"Generation Opportunity is a conservative astroturf front group being used to push a pro-conservative youth narrative using the false legitimacy of their acquired Facebook page. There are no Millennials involved. There is nobody involved in the organization that is not a conservative activist. None of their polling data has included crosstabs or demographics.. . ."
"Paul T. Conway, Kellyanne Conway, and Matthew Faraci are not bad people. Kellyanne Conway in particular has been a long-time advocate of youth outreach on the right and has spoken openly about improving voter access. If conservatives want to start another youth outreach or advocacy group, more power to them. I welcome the addition of organizations that seek to engage young voters regardless of their place on the political spectrum. However, I do not support the idea of a falsely non-partisan organization disingenuously using the followers of another Facebook page as legitimacy to push a conservative narrative so it looks unbiased."
For months I've reported on a recent trend I've seen emerging among conservatives. Suddenly the right is taking the youth vote seriously at a time that our side continues to take them for granted. Part of my frustration stems from seeing friends organizing in the youth movement struggle to get their groups funded or even noticed by the establishment or party elites. But republicans appear to have taken notice.
Young voters had an upward trend that occurred in 2000 and has been steadily climbing ever since.
As such, Republicans understand that this is a numbers game. The key demographic for a long time was Baby Boomers just because there were so many of them. During the '70s Boomers had significant impacts - and are continuing to have. But the Millennial Generation amounts for 80 million people - who will soon be 80 million voters. In 2004 they went for Kerry, in 2008 they went for Obama, and if Democrats can hold on to them for just a few more elections they'll have solid partisan blue votes for life.
Generation Opportunity is the indicator that the GOP will stop at nothing to make sure this doesn't happen.
This photograph is featured on both
Paul's publicly-funded official House website
and his privately-funded campaign site. Freedom!
Via Dave Weigel, the Ron Paul presidential campaign announces:
The Ron Paul 2012 Presidential Campaign announced today that constitutional and international law expert Bruce Fein will join the campaign as senior advisor on legal matters.
And just what kind of "constitutional and international law" expert is Fein? That would be the same Bruce Fein who:
...drafted an article of impeachment against President Obama over his attack on Libya, throwing down a legal gauntlet that could be picked up by some Congressional Republicans.
Fein also supported impeaching George W. Bush, Dick Cheney, and Bill Clinton, but the thing he's known for now is trying to impeach President Obama, and it's hard to see his selection by Paul as anything more than a pretty loud dog whistle to far right activists. Paul prides himself on being a man of principle, but as you may recall, he enjoys boasting that Ronald Reagan actually endorsed his early campaigns for Congress. And yes, that would be the same Ronald Reagan who invaded Grenada without Congressional approval. Yet despite the fact that Reagan actually sent ground troops in, and Americans died, somehow you don't hear Ron Paul or his minions arguing for Reagan's impeachment, yet they do for President Obama. I wonder why.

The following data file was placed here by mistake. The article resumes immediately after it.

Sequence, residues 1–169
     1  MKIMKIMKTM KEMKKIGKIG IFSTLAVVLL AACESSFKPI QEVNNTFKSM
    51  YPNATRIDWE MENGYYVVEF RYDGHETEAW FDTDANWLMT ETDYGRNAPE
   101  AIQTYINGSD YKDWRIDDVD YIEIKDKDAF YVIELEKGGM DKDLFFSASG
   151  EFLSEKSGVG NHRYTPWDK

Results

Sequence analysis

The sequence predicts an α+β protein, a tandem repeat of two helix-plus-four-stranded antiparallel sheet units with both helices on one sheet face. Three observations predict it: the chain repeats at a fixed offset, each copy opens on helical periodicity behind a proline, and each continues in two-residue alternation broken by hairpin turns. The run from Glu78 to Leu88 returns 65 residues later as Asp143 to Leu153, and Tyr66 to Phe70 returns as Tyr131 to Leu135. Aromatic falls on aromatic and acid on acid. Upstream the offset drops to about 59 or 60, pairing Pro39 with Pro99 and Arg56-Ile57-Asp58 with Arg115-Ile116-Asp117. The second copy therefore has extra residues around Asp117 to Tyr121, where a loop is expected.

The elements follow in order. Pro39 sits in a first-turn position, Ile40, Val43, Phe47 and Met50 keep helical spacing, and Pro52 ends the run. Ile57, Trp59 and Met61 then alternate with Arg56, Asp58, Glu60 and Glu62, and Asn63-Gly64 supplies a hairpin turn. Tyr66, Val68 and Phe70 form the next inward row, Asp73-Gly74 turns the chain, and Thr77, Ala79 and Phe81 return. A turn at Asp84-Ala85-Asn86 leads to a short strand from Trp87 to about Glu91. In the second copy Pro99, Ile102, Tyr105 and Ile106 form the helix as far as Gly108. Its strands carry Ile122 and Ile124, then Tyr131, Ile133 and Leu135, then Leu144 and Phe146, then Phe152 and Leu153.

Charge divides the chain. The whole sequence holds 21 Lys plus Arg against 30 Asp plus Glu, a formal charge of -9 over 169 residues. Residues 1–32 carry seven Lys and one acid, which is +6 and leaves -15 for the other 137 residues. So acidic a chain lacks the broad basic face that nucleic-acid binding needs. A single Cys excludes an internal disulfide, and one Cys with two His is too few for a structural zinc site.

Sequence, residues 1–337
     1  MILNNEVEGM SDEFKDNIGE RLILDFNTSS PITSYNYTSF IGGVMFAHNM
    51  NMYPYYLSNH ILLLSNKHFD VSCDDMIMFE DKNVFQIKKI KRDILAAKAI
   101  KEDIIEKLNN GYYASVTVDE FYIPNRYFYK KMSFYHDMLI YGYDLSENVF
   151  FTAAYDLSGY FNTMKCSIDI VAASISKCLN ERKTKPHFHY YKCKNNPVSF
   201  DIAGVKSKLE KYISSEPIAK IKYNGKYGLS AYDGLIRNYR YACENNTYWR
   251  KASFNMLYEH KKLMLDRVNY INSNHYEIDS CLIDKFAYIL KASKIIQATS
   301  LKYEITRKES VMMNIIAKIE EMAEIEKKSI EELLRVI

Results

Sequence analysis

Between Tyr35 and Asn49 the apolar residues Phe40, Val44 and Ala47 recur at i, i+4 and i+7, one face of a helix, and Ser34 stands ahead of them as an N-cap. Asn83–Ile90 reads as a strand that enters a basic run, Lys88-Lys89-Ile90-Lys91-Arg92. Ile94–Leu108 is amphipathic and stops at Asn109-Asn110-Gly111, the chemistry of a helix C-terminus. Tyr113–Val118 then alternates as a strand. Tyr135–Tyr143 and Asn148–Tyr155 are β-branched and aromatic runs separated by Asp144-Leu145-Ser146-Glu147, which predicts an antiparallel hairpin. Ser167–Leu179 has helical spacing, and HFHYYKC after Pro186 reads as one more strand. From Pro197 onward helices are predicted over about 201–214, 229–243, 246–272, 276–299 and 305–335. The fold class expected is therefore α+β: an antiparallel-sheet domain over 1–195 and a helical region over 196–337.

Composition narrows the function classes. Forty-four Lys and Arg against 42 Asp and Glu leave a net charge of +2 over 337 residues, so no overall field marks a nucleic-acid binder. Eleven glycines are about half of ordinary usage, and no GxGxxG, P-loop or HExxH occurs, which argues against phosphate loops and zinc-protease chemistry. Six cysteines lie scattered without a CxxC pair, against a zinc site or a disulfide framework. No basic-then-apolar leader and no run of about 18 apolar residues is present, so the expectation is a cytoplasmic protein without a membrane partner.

From the GREAT STATE OF MAINE?
What the Democratic-controlled House under Speaker Nancy Pelosi is responsible for:
- Health insurance reform: Initial bill had public option, before Senate stripped it out; Kids can stay on parents' insurance 'til age 26; Closes Medicare "Doughnut Hole"; Eliminates pre-existing conditions; Expands coverage to tens of millions
- Repeal of Don't Ask, Don?t Tell
- Ethics reform
- Lily Ledbetter Fair Pay Act
- American Clean Energy and Security Act
- Extension of Childrens Health Insurance Program
- Raising the minimum wage
- Food Safety Enhancement Act
- Credit Card Accountability Responsibility and Disclosure Act
- Small Business Jobs Act
- The Healthy, Hunger-Free Kids Act
- Injecting resources into the economy to prevent the Bush recession from sliding into a second Great Depression, saving/creating millions of jobs in the process
- Dodd-Frank financial regulation reform
- James Zadroga 9/11 Health and Compensation Act
- Helping America maintain a sterling AAA credit rating
- Working long hours for long stretches doing the people's business during a very difficult time
What the Republican-controlled House under Speaker John Boehner is responsible for so far:
- Voting to repeal the "Job-Killing Health Care Law Act." (The repeal would have little, if any, effect on jobs but would add to the deficit, says the CBO.)
- Attempting to dismantle Medicare by voting to pass a budget that turns it into a coupon program
- Voting for unnecessary anti-abortion bills and...more unnecessary anti-abortion bills!
- Panicking world financial markets by holding the debt ceiling hostage; causing S&P to downgrade the U.S. credit rating by convincing them that the "party of fiscal discipline" wouldn't think twice about defaulting on our debts
- Naming some Post Offices
- Holding the FAA---and tens of thousands of jobs---hostage for the sake of weakening unions
- Refusing to consider an extension of the payroll tax cut
- A breezy, leisurely work pace with lots and lots of days off during a very difficult time
- A promise to create "Jobs, Jobs, Jobs" during election season, but ignoring job creation completely once elected
So, uh, this is what it means to "take our country back," huh? Awesome.
Cheers and Jeers starts below the fold... [Swoosh!!] RIGHTNOW! [Gong!!]